Mirror Neurons and Role Models

ice cream coneBy: Alex Blackwell, Student Ministry Pastor

I’ve been fascinated lately with mirror neurons. I was having a conversation a couple months ago with a group of parents. This is when I learned about mirror neurons. We were talking about how incredible it is that our little babies were able to look at our faces, see our smiles and smile back. I can look at a hundred things people around me do, and there’s no way my body translates it in the same way – knowing exactly what muscles to use to mimic and do the same thing. “It’s almost instinctive,” I said. Another dad across the room smiled at me and said, “it’s mirror neurons.” He went on to explain that there are neurons in the brain specifically wired to help the body mirror what someone else is doing when they see it. Gabriel can look at my smile and smile back, without even thinking about it, because these neurons help his face muscles do what they have to do to form a smile, instead of a frown or a hundred other faces. There’s no trial and error to figure it out. It just happens. He will continue to grow into a boy and a young man, and learn how to be so with the help of mirror neurons. Fascinating.

A few weeks ago we had a student ministries event getting Nelson’s ice cream. When we walked in to the room we would sit down in to enjoy our MOUNDS of ice cream, I noticed what was very likely a date outside the window. I looked up at the students at our event and I started making up the voices and words that the couple was conversing about. Very innocent, I assure you – nothing against the couple. I said things like “MMM I love ice cream nom nom nom” (in a low manly voice), followed by “yeah I can tell it’s all over your face” (in a high-pitched girl voice). The students giggled, and maybe even laughed a little – but there was no way they were going to partake in the voice-over game. Somehow the subject changed, undoubtedly one of them said something to shift the focus away from doing something that may even slightly risk their embarrassment. What if what they came up with wasn’t all that funny to the rest of us? A while later we started cleaning up, and got up to leave. As I started walking toward the door, I heard the voice of one of our students playing the voice-over game with the couple one last time before we left – something about the girl being embarrassed with the idea of being seen in public with a guy with ice cream all over his face (the guy didn’t actually have any ice cream on his face). The student risked embarrassment, but also took the risk, meeting my original hopes that shared experience and comfortability would grow in the midst of our small growing community of students.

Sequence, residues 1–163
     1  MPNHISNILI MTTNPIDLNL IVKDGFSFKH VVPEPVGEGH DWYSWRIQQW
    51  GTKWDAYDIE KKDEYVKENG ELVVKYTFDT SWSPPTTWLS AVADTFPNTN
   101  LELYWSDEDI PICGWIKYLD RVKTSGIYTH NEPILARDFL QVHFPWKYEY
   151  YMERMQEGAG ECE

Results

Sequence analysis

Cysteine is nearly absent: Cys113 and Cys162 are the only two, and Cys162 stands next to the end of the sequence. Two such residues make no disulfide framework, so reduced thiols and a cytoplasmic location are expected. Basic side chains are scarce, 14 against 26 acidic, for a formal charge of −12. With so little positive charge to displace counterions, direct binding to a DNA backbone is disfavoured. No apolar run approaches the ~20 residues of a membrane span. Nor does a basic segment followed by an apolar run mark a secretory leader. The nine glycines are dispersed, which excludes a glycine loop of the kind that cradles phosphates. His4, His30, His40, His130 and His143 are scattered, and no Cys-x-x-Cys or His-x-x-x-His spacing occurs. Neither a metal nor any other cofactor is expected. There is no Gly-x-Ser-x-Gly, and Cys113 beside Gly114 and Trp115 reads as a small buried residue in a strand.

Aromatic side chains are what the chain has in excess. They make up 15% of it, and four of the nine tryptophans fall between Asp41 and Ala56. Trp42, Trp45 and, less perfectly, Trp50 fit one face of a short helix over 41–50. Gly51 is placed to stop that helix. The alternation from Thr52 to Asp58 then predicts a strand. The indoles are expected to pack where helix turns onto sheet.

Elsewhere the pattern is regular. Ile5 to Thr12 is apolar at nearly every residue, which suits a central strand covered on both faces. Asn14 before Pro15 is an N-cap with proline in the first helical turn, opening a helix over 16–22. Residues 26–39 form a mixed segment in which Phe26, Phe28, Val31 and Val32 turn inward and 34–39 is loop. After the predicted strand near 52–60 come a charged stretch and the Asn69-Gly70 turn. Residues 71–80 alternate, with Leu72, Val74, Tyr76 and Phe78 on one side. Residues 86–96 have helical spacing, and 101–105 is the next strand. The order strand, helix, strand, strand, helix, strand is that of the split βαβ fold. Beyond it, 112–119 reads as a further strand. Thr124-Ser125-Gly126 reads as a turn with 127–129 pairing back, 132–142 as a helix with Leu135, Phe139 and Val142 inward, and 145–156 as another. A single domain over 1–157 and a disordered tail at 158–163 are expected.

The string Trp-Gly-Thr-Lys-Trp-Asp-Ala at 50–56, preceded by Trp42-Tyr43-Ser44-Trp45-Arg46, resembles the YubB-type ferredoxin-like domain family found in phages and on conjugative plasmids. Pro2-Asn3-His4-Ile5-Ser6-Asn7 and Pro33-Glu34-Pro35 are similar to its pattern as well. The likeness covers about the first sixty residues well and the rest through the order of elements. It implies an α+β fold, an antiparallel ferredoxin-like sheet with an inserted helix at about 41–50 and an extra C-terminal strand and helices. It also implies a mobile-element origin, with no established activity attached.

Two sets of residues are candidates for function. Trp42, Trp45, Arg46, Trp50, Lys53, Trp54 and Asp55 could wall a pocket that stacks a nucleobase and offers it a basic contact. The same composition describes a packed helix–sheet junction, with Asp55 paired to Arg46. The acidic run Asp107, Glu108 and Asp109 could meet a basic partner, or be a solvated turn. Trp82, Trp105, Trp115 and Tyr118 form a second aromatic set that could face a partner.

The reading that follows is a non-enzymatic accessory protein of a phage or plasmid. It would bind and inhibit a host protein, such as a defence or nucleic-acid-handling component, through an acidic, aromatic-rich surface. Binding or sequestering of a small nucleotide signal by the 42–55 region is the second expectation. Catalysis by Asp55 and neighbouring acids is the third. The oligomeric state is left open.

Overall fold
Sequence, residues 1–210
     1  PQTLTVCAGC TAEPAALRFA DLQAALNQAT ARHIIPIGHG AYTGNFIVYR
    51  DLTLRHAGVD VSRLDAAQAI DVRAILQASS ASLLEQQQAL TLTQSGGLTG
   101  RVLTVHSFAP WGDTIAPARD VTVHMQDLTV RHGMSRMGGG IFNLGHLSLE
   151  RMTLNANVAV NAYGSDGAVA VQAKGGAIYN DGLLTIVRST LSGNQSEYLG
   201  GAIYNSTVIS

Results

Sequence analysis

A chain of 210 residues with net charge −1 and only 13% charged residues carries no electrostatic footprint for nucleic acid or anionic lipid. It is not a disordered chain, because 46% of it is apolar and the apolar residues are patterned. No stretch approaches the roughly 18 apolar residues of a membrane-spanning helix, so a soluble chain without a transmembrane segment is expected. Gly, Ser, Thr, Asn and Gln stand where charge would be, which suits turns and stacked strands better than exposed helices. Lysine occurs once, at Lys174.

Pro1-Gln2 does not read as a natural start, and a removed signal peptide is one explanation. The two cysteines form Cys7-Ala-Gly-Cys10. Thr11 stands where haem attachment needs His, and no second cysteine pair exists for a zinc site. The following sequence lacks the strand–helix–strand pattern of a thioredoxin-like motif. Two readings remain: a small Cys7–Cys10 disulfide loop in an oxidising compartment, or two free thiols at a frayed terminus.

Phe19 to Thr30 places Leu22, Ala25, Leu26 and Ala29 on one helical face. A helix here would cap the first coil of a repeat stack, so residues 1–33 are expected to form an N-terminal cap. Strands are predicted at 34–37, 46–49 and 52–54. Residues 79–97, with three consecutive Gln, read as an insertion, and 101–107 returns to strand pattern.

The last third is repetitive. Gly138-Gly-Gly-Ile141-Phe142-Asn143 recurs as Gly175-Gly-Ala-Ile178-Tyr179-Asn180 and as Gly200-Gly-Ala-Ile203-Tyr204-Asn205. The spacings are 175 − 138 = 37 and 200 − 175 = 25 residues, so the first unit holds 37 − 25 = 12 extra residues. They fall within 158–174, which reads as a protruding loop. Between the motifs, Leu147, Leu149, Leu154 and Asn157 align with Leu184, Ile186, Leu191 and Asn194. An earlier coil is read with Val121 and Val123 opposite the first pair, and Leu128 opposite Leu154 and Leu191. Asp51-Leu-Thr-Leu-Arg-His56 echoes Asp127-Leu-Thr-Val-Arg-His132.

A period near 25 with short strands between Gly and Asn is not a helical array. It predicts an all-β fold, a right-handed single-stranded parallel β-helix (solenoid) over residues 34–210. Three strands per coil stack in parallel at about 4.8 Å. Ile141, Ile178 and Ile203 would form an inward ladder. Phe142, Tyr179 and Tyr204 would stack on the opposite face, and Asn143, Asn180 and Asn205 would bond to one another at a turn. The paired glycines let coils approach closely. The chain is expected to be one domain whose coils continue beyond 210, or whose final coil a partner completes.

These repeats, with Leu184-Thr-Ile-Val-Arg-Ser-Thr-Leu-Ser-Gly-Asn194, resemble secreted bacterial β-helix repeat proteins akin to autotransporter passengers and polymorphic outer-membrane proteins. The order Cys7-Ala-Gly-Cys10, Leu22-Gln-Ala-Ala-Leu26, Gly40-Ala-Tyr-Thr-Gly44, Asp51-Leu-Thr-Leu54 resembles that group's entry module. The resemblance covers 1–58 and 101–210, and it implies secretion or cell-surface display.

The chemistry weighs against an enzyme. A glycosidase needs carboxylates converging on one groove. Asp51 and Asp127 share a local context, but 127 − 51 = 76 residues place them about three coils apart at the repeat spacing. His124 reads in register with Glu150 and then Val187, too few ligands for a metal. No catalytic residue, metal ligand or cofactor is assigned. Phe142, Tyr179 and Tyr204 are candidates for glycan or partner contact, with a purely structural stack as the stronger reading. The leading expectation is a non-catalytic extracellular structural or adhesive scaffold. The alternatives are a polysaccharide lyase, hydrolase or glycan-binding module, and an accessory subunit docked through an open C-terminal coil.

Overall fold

This story is a metaphor for the greater experience of modeling good character, a strong faith, and continual growth for the students at enCompass. I am thankful for a team of solid volunteers who have been showing up in the lives of our students, through one on one experiences and at our events. I am thankful for those beyond our volunteer team, in the broader enCompass community, who model community, desire for growth, and a heart to serve the city, country, and world around us. Whether with the help of mirror neurons or with help beyond what mirror neurons can provide, I believe, because of our great models, that we are poised to see significant growth among our students.